Unless you were alive in 1918, the total solar eclipse that passed over North America this past August was a first-of-its-kind event. And while millions of Americans turned their gaze skyward in excitement for the eclipse, the energy industry was busy watching to see how our nation’s solar infrastructure would be impacted.
According to Environment America, the nation generates 43 times as much solar energy now as it did a decade ago. Among the many reasons for the increased rate of adoption is the security that comes through diversifying energy supplies derived from one of the most stable sources possible—the light of the sun.
But what happens on the rare occasion when the lights go out?
California Sees Dip in Generation, Suffers No Outages
As one of the most pioneering states for adoption of renewable energy, California was in the spotlight in advance of this year’s solar eclipse. Officials estimated ahead of time that they expected the state to lose roughly 4,300 megawatts (MWs) of generation by the time the eclipse passed through the state—enough electricity to power between 3.2 and 4.3 million homes. Once the eclipse passed through, the state estimated actual losses at just 3,400 MWs.
Despite the dip in production, energy officials throughout the state were quick to supplement solar output with more support from both hydro-electric and thermal sources to make up the difference. The state also leveraged the Energy Imbalance Market. This allowed authorities to purchase power from other western states within the hour it was needed.
PJM reports slight dips in generation in the Midwest
PJM also reported slight dips in generation throughout the course of the eclipse in the Chicago area. It recorded a drop of 520 MWs of wholesale solar generation Roughly 1,700 MW from behind-the-meter solar generation attributed primarily to rooftop solar installations that offset loads.
While it is still studying the final impact of the event, PJM also reported a decrease in demand for electricity of about 5,000 MW throughout the eclipse. This could contribute to the minimal stress the eclipse placed on the grid in the Midwest region.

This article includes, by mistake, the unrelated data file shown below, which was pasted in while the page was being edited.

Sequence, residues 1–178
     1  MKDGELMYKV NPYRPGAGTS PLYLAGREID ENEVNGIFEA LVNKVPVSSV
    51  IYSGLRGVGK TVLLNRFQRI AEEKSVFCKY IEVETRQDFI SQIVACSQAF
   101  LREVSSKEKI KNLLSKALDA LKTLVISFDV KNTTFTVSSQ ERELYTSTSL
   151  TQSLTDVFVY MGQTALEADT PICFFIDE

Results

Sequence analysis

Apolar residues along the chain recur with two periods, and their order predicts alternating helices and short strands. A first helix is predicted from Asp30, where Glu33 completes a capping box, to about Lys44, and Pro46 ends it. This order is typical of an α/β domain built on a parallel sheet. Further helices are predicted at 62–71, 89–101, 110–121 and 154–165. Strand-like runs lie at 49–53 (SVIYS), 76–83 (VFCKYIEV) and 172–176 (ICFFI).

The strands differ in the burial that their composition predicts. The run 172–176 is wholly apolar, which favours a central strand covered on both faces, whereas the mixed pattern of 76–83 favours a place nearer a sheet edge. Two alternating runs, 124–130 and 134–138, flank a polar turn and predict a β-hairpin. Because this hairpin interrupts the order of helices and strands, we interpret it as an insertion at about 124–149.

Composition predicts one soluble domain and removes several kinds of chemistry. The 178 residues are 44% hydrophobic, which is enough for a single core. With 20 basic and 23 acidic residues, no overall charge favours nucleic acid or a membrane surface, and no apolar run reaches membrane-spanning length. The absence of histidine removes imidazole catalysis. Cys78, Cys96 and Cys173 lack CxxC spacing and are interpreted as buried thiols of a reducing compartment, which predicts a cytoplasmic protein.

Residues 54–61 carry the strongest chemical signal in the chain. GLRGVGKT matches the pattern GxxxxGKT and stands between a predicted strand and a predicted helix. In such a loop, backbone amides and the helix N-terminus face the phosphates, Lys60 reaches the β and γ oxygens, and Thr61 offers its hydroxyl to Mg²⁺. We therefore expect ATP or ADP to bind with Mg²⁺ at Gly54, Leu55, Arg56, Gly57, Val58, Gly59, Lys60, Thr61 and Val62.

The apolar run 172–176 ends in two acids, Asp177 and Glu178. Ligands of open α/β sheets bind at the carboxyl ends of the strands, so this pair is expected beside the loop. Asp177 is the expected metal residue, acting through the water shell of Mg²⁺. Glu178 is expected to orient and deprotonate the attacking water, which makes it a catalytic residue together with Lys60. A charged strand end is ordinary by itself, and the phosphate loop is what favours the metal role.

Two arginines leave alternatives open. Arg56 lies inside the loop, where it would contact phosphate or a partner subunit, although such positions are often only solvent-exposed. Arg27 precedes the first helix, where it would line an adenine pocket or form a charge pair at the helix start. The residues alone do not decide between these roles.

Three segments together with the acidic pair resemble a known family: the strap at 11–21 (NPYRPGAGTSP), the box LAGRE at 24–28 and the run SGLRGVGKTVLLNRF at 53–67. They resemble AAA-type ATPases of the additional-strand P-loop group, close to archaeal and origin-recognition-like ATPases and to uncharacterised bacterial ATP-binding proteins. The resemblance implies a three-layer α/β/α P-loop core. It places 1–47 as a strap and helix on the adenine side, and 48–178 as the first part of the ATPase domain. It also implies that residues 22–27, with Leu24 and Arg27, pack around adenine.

Mid-Atlantic Sees Major Decline, But Meets Demand
As the eclipse made its last stop in the Mid-Atlantic states, energy suppliers were bracing for a challenging day. At the height of the eclipse, 1,700 out of 2,500 MWs available in peak conditions were blacked out. Despite the higher impact on their relatively smaller grid infrastructure, none of the Mid-Atlantic states reported any outages.
Overall, energy industry professionals took the necessary precautions to ensure that customer demand was met without interruption. While the results were positive, it must be noted that this eclipse came along with lower temperatures. This offset demand at the same time generation dipped, giving the grid a little added reprieve.
While this was in many ways the first true test of our nation’s solar grid infrastructure, there will be another litmus test in seven years, when the next solar eclipse makes a path across the North American continent.
In the meantime, discuss the importance of diverse energy supplies and increased storage capacity. Learn more about how to develop a comprehensive energy strategy to make sure your demand is always met.